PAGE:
¡Buen Camino!

Dear Friends,
It has taken three tries and nine years, but as of July 2012, I have finally walked the entire Way of Compostela from my former home in Leuven/Louvain, Belgium, to Santiago de Composela!
My first pilgrimage experience from the French frontier with Spain to Santiago itself took place in 2003. You can read the details of this first walk along the famous Camino across Spain in my book, To The Field of Stars: A Pilgrim's Journey to Santiago de Compostela, Wm. B. Eerdmans Publishing Co. (2008). (You can order it from the publisher, from Amazon.com, or from your local bookseller).
In the summer and early fall of 2007, I walked from Belgium most of the way across France, with the hope of at least making it to Saint-Jean-Pied-de-Port near the Spanish border, where I began the first pilgrimage. I didn't quite make it. A bad case of plantar fasciitis took me down in the Bordeaux village of Sainte-Ferme. I continued on to Santiago by train and bus, but the "defeat of my feet" and those last 175 miles or so that were left undone, gnawed at me over the ensuing five years. Happily, I was finally able to wrap up this grand pilgrimage with a third walk from Sainte-Ferme to Saint-Jean-Pied-de-Port this past summer (2012). It was a joy to have completed all 2,370 kilometers between Leuven and Santiago.
My adventures and misadventures, my thoughts and prayers of both the 2007 and 2012 pilgrimages have been shared in this blog. I will leave the blog and its archives open for some time to come; if you want to read bits and pieces of it, feel free, but remember that the beginning is at the bottom and the end is at the top.
My contact e-mail remains the same: kacodd@gmail.com; I am always happy to receive mail!
As the pilgrims in Spain greet one another, so I greet you, my reader: "Buen Camino!"
And as the people of France greet their pilgrims along the "Chemin", I also wish to you: "Courage!"

Grace and peace to you all!

Sunday, July 8, 2007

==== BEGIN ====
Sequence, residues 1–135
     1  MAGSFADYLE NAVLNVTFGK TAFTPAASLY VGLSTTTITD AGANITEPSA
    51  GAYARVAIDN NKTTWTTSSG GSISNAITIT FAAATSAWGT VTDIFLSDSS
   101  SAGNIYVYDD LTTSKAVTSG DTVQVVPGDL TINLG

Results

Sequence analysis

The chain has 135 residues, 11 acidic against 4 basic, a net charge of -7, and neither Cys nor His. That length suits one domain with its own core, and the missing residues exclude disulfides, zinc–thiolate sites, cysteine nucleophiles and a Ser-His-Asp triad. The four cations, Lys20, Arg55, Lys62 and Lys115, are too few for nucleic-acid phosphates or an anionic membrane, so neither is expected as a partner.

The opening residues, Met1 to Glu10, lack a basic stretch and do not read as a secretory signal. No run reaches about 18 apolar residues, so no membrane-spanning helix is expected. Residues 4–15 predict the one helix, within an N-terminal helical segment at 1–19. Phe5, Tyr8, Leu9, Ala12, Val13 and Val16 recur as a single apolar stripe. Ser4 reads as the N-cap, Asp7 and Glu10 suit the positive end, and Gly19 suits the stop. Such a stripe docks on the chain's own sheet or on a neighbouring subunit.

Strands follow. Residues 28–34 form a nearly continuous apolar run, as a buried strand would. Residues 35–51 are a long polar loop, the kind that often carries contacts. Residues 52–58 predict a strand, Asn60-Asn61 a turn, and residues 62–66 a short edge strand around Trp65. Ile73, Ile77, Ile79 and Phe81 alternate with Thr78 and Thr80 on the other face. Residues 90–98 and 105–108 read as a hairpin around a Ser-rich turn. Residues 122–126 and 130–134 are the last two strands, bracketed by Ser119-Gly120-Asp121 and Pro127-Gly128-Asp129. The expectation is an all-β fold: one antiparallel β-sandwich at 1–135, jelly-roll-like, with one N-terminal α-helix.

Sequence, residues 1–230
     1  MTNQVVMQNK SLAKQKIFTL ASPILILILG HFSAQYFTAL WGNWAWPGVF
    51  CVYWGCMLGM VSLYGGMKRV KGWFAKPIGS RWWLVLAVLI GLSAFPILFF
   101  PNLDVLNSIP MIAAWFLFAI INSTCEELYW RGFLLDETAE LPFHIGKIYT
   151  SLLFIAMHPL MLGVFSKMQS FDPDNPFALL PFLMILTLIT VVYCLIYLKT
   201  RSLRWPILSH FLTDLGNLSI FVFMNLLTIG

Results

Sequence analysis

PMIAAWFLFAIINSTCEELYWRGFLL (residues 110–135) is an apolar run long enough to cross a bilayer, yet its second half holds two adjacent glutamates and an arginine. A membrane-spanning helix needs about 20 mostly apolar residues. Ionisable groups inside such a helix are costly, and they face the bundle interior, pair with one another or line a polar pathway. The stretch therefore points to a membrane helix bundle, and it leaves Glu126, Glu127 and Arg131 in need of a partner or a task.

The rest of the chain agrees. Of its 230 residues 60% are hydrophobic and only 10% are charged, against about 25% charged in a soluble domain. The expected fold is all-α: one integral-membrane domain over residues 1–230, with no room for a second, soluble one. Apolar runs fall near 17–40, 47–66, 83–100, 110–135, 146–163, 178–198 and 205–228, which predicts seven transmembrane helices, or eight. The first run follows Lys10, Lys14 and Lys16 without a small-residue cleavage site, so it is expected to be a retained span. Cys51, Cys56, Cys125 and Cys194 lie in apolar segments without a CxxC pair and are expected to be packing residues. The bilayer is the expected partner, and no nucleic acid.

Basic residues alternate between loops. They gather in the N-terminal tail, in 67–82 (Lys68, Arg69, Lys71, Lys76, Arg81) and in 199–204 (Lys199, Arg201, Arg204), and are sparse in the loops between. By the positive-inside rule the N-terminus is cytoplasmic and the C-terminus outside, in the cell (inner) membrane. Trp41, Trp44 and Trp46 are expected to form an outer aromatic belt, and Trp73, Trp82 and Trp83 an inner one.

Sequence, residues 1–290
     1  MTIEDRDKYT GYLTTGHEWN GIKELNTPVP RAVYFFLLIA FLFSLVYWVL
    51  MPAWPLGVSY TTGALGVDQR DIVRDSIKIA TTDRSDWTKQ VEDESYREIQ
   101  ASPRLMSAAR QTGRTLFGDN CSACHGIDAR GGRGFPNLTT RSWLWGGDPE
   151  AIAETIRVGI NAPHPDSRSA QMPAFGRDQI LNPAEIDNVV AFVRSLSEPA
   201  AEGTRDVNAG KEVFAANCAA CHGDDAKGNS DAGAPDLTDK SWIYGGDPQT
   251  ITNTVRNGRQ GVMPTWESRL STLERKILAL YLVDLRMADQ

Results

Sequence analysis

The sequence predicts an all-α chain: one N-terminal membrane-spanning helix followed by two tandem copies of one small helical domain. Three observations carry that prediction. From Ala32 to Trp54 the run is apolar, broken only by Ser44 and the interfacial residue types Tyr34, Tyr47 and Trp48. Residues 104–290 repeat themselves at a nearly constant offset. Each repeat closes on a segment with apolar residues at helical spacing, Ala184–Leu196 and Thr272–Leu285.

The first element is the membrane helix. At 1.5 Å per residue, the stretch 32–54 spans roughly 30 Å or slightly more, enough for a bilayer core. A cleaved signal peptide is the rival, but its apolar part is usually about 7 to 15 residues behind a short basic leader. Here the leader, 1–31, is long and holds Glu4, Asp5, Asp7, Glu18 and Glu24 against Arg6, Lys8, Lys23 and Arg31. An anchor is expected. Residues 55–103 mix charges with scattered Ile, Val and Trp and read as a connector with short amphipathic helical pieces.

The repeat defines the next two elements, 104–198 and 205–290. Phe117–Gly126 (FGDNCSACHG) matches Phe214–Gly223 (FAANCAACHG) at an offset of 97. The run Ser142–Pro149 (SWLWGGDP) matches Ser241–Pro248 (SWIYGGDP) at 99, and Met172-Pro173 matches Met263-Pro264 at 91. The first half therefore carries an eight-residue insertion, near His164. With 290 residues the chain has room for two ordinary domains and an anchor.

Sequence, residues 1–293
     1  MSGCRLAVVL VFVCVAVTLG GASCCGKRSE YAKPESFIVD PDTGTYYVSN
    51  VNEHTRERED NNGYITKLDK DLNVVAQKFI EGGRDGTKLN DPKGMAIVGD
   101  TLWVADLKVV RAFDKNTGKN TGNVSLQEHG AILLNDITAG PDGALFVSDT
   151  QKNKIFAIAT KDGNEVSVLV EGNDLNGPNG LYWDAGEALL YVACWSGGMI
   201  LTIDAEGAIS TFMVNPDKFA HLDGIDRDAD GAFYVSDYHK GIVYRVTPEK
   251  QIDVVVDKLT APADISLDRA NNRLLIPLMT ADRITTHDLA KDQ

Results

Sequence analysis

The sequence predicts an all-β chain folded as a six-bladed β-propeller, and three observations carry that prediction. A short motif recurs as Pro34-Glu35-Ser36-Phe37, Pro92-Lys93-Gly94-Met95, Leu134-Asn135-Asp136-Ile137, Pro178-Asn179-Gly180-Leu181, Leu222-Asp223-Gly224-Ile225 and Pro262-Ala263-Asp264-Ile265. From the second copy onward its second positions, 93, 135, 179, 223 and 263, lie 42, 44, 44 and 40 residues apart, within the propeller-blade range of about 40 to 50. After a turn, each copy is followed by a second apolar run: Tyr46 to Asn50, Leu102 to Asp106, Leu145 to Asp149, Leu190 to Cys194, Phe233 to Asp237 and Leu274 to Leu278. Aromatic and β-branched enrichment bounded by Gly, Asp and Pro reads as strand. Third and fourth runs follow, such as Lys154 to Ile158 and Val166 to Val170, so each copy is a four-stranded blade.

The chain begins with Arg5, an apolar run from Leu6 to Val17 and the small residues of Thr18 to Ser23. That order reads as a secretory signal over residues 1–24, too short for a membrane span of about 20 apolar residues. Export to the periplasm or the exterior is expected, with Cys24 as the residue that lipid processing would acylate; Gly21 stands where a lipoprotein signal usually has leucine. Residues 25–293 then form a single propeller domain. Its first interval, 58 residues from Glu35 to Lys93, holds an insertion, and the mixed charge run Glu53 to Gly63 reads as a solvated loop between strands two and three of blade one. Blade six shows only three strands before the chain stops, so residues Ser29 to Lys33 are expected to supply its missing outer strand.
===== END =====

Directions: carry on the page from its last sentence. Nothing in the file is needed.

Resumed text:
After a pleasant evening with Père Bernard at his rectory in Yvoir, I had a very short walk this morning into the touristic village of Dinant, only eight kilometers. I arrived at the church of the Abbey of Leffe just as mass was beginning. The priest was front and center leading the penitential rite when I came through the door. He looked at me but didn’t miss a beat. The liturgy was very beautifully done, and it was a joy to be seated, sweaty and probably smelly, in the last row. At the end of mass everyone knew what I was up to and greeted me warmly, and one monk retrieved the abbey seal to stamp my pilgrim passport/credential. He told me that they receive about two pilgrims a day, which is way more than I would have expected. Two other times today I was recognized as a pilgrim, my cockleshell hanging from my pack being the giveaway. I am amazed and touched in retrospect by how they and almost everyone else then treat me, not as a dumb tourist who can’t even speak French but as a sort of hero: they smile kindly, go out of there way to make things easy for me, and say a final word like “Courage!” to me as they wave me on. I need that courage and encouragement because there are so many moments when I myself think I’m nuts for attempting this and for worrying about all the things that might go wrong even if they don’t. The temptation to catch the next train back to Leuven is strong, especially in places like this where the train station is only a couple of blocks away. I would be home in an hour! Tomorrow I follow the Meuse River another day and then it’s back to the GR trail that will take me out of this lovely valley and towards the French border. I imagine I will encounter for the first time lots of steep grades that will put my weak knee to the test in a new way. Also there are few towns of any size, so the going could get tougher finding lodging, and I am without my beautiful but too heavy tent! Well, as I write this it is raining again; the sunshine was nice while it lasted, but all things wet and damp is the norm I’ve gotten used to.